This article originally appeared on the VSP Blog.
In many work environments, you’re not allowed to start your day without proper eye protection. With the ever-growing reliance on blue light emitting devices in the workplace, and the sun’s overly generous blue light contribution to outdoor work settings, it might be a good practice to think of blue-light-reducing eyewear in the same regard.
An office setting typically houses the most forms of blue-light-emitting devices. From desktop monitors to smartphones to tablets to overhead LEDs and/or CFLs, it can feel like blue light is lurking around every cubicle and corner in corporate America.
But while desk jockeys are among those at risk of digital eye strain, they’re not the only ones exposed to blue light after punching in. Here’s a look a three other work environments you may be surprised to find are potential hotbeds for blue light exposure:
When it comes to insight on the digital viewing habits of Americans, The Vision Council has established itself as the go-to source. Each year the council releases its findings on the awareness and impacts of device use, blue light exposure, and digital eye strain.
The Vision Council has released its 2017 blue light/digital eye strain report, and this year's edition featured several noteworthy findings. Here’s a quick look at five of them and what they could mean for you and your patients.
VR (virtual reality) headsets are sure to top many a letter to Santa this year. And why wouldn’t they? The ability to navigate a jungle, shop at a mega mall, or journey to outer space without moving from your couch promises an unequaled experience for users both young and old. But along with the amazing potential comes a very real concern from placing a smartphone two inches away from your eyes.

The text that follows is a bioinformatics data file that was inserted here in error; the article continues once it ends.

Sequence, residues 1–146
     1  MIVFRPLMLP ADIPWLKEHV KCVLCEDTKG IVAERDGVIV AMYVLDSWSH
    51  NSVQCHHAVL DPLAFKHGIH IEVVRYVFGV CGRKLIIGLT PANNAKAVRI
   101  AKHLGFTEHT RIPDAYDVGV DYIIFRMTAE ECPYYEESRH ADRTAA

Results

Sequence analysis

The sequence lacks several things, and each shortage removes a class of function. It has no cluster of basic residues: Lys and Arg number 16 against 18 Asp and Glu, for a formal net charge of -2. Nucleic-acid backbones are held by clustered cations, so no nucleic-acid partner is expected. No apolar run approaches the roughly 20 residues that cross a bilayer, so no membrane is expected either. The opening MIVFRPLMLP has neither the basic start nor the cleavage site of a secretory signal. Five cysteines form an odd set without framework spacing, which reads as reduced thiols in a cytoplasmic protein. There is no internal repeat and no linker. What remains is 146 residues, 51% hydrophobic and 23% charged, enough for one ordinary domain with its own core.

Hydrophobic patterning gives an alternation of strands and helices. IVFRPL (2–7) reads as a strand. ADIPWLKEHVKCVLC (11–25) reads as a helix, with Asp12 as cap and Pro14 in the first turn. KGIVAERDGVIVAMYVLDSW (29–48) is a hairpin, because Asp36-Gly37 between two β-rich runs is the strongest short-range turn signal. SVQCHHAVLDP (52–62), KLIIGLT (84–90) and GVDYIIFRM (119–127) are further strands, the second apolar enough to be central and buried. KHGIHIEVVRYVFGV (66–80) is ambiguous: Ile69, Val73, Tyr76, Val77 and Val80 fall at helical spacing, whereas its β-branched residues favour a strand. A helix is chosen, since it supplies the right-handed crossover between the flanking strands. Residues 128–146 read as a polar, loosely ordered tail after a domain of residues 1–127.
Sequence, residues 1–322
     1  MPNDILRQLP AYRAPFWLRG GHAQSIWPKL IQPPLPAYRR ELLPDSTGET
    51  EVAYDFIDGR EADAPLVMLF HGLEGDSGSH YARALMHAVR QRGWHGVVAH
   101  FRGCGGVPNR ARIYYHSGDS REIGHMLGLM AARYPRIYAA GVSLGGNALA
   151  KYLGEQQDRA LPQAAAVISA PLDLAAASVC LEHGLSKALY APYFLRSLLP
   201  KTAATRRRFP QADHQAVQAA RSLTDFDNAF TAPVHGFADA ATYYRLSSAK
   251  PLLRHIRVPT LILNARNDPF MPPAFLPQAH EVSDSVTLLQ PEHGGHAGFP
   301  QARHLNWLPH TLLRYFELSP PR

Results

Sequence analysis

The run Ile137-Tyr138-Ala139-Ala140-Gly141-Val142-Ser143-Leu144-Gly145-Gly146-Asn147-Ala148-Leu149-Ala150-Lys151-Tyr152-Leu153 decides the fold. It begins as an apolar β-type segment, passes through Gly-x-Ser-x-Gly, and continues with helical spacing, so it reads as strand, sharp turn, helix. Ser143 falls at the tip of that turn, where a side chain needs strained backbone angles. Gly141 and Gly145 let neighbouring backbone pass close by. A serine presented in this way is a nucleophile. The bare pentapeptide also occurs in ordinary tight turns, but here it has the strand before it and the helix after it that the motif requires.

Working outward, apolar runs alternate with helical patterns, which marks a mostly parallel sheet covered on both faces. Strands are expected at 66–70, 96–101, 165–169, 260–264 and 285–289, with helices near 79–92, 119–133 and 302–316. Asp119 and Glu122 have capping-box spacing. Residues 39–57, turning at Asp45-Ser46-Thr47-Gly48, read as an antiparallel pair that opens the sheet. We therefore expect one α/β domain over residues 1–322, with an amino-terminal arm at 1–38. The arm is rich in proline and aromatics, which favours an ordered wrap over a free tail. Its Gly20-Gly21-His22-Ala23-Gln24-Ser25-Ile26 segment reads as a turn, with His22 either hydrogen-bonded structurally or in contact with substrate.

As hundreds of thousands of ravenous bargain hunters stampede one another in a mad dash to score a 72” flat screen for $50 this Black Friday, savvy online shoppers will be relaxing by the keyboard or touchscreen waiting for the deals to come to them on Cyber Monday. No bruises. No broken bones. No dashed dreams of saving $500 on a vacuum cleaner after conceding it to a large man on a mission to buy his wife the most ill-advised of holiday gifts.
But while safer for one’s physical (and mental) well-being, Cyber Monday can come with its own drawbacks. Online shoppers spending as little as two hours in front of a screen this Monday are susceptible to digital eye strain from blue light exposure.